The Time Lapse option works the same way. In Simple Time Lapse, you get a short list consisting of "Distance," "Direction," "Time" and "Ramp;" and Advanced Time Lapse is about three times as expanded, offering all the familiar options seen in other screens, such as in and out points and duration, plus also shutter speed, playback, interval, and number of shots.

Another available option is a flywheel. The flywheel is essentially just a 1-lb counterweight that provides you with a certain amount of resistance (also referred to as "inertia") that lets you achieve ease-in and ease-out motion when you're not using a motion controller. You can clearly see the difference in the slide when you attach the flywheel. Without it the slide is more free, whereas with it the slide begins and ends with a gradual movement, and it stays consistent in between.

The Rhino systems are belt-driven for motion-controlled and flywheel-controlled slides, but otherwise can be used without a belt to glide smoothly along the rails. They come in 24-48" lengths with carbon fiber and aluminum rail choices, with the aluminum rail option able to support rigs up to 50 pounds. There are 1/4"-20 and 3/8"-16 mounting holes on the bottom center and on the ends as well as a 3/8"-16 screw on the slider carriage. The legs are rosette-adjustable and feature index marks for aligning them equally, and the feet adjust into place when set down to find the optimal balance for the slider. International plug adapters are included with the motion controller and a secure carry case is included with every package.

The controller is designed as an elegant, solid block, and it offers a large and comfortable dial. It features a built-in battery that runs about 7 hours in operation, so it works long enough to leave the slider alone for almost any time-lapse shoot. When not using the controller, it can be held magnetically to the back of the motor so you don't have to look for a place to set it down. The controller connects to the motor via a robust Ethernet cable that runs about three and a half feet, and the motor rests on a small drive shaft (via a special nut) on the slider and secures tight with two thumbscrews that are already on the slider. This setup takes just a few seconds to do.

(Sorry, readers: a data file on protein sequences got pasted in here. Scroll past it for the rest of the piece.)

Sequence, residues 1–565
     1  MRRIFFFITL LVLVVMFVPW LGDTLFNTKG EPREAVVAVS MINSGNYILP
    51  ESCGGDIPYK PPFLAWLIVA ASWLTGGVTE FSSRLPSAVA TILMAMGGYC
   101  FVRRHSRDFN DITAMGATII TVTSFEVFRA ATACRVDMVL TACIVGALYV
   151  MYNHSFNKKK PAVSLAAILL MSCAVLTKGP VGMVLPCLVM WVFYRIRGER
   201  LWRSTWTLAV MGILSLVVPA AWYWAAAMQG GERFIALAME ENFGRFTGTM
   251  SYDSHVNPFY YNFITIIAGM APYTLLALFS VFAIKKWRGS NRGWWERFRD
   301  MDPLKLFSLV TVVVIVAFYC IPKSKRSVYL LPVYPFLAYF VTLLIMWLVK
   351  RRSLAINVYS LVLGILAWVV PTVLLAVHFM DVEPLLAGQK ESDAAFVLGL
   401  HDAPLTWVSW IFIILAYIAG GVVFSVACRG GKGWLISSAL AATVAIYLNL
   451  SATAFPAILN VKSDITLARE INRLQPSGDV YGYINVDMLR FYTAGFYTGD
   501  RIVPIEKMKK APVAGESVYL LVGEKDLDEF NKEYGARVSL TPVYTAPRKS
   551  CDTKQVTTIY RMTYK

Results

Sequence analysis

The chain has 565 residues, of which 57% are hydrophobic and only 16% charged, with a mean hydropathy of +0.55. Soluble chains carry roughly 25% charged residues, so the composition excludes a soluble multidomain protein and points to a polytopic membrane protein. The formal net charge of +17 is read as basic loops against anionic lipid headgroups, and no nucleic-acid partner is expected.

That’s the system overall. We'd love to hear about your experience with Rhino sliders or any thoughts you may have. Please feel free to share in the Comments section, below.


Would you recommend this or a Syrp?  I do a lot of video so noise is an issue and timelapse photography.

Wish I could be as enthusiastic about Rhino. The slider itself is nice. But they kind of put the motion controller stuff out there and then forgot about it. No updates since it was released and you can't save moves, loses alll datat if left alone too long, etc. While other companies are forging forward with software updates Rhino is creating cell phone sliders. Really bad tech support. And on and on.

And the Arc piece is just barely useable. Even with a relatively light rig it's wobbly and barely usable. Can't pull focus and the only edit on the path is a full re-set. When I asked about whether my unit was faulty they replied (after about three days) that "no, the wobble is in the spec".  Kessler seems to be the company that is forging forward with their Second shooter system with fully editable keyframes, three axis options, etc. Lots of great accessories.  It's too bad as Rhino had a good start, nice brand image, etc. but no follow up for those early adopters.